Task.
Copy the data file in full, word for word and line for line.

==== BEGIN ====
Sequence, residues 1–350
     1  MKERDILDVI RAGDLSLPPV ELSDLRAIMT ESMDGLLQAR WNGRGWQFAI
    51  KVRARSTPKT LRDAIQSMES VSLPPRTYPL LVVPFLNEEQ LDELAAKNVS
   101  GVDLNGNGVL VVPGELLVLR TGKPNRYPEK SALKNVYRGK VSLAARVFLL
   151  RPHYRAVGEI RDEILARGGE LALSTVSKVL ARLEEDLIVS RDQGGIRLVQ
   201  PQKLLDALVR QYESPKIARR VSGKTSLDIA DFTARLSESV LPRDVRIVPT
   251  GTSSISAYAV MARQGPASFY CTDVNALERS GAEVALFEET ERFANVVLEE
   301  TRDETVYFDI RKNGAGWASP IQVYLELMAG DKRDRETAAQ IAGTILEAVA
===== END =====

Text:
Sequence, residues 1–350
     1  MKERDILDVI RAGDLSLPPV ELSDLRAIMT ESMDGLLQAR WNGRGWQFAI
    51  KVRARSTPKT LRDAIQSMES VSLPPRTYPL LVVPFLNEEQ LDELAAKNVS
   101  GVDLNGNGVL VVPGELLVLR TGKPNRYPEK SALKNVYRGK VSLAARVFLL
   151  RPHYRAVGEI RDEILARGGE LALSTVSKVL ARLEEDLIVS RDQGGIRLVQ
   201  PQKLLDALVR QYESPKIARR VSGKTSLDIA DFTARLSESV LPRDVRIVPT
   251  GTSSISAYAV MARQGPASFY CTDVNALERS GAEVALFEET ERFANVVLEE
   301  TRDETVYFDI RKNGAGWASP IQVYLELMAG DKRDRETAAQ IAGTILEAVA